Identity, resistance, and doubled gazes in Portrait of a Lady on Fire (2019) and The Handmaiden (2016)

Several fates befall paintings in 2019’s Portrait of a Lady on Fire – defacement, distortion, conflagration. Early in the film, an abandoned painting is discovered by artist Marianne, who has travelled to an island off the Brittany coast. Here, she will pose as a lady’s companion while she secretly creates the wedding portrait of aristocratic Héloïse. This picture is being painted for the man she has been called home from the convent to marry, should he approve of her.

Settling into her workshop space, Marianne catches her own gaze in a mirror before spotting the back of a box canvas turned to the wall to hide its subject. A gasp is elicited from Marianne as she reveals the canvas and realises it has been defaced – or, more strictly, de-faced: everything above the neck has been completely wiped out by another artist who was so infuriated by Héloïse that he deserted his work and left the island. What does this mean? What sort of monster could Héloïse be?

A fictional painting in the vein of Dorian Gray’s picture, which was banished to an attic to hide the fact that the canvas had become a record of his every sin, this disfigured painting of Héloïse reveals to Marianne something of her model before the two have even met.

Héloïse, the eponymous Lady, is a difficult subject. When modelling for her portraits, she refuses to be merely a depicted object and instead demands more of the images created in her likeness. In chasing one portrait painter away and in repeatedly challenging Marianne (with whom Héloïse later forms a relationship), the young woman fights for her portraits to say something true of who she is. 

Unable to resist a marriage to which she does not consent, the demands Héloïse makes of her portraitists are not belligerent but instead represent an act of reclaiming what little independent ground she can: her projection of selfhood. When Héloïse critiques Marianne’s first completed portrait – “Is this how you see me?” – the artist responds that it is not only her, but the rules and conventions governing the art of their time and the circumstances that have led the two together.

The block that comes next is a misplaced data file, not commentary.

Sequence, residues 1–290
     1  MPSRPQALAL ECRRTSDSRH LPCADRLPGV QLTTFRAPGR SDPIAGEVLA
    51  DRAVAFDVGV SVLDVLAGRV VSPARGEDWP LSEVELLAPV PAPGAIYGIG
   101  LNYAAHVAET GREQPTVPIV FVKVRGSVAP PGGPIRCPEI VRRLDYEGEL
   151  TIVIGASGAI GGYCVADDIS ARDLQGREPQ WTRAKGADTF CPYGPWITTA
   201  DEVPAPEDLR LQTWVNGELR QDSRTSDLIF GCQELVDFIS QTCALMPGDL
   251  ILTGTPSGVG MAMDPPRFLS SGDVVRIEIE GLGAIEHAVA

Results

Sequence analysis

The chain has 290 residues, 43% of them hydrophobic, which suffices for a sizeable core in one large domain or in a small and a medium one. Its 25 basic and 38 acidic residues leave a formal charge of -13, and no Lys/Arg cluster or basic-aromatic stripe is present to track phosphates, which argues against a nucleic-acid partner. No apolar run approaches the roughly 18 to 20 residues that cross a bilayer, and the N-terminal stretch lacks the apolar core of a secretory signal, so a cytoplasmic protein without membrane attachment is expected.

Héloïse makes clear that she wants to resist the visual language of art of their period. She is not Mrs Andrews, as in Thomas Gainsborough’s c.1750 portrait of a member of the landed gentry along with wife, dog, and extensive property, in which the silk-clad bride is painted as one of many possessions belonging to her new husband. Instead, Héloïse demands that her portrait says something of herself beyond her marketability as a bride, a possession worth investing in. 

Héloïse’s mother, La Comtesse, illustrates the circumstance her daughter works to resist. Recounting the memory of her own portrait arriving in her new husband’s house before she set foot through its door, La Comtesse tells Marianne of the sensation of being confronted with her own image – an image that doesn’t really belong to her. Like Anne of Cleves, she is expected to fulfil an fiction that isn’t reflective of who she truly is. Denied the right to self-presentation, La Comtesse is disempowered by this ersatz likeness. 

La Comtesse’s portrait has little to do with her real personality, but Héloïse, in her role as model, demands her humanity – to look at her portrait and see something of herself, something recognisably true. Like Dorian Gray, Héloïse hopes to project her soul onto canvas, but whereas the young man at the centre of Oscar Wilde’s 1890 novel hides his portrait as evidence of his corrupted, rotting nature, the Lady seeks that her paintings vocalise her true self. 

Héloïse is clearly putting up a fight before she forms a relationship with Marianne. In the early paintings (the defaced portrait left incomplete by the initial painter, and Marianne’s unsatisfying first attempt) Héloïse’s eyes – the windows to her soul – become warped, wiped, covered. 

However, it is in Héloïse and Marianne’s relationship that the Lady is truly able to find herself empowered as a creative being.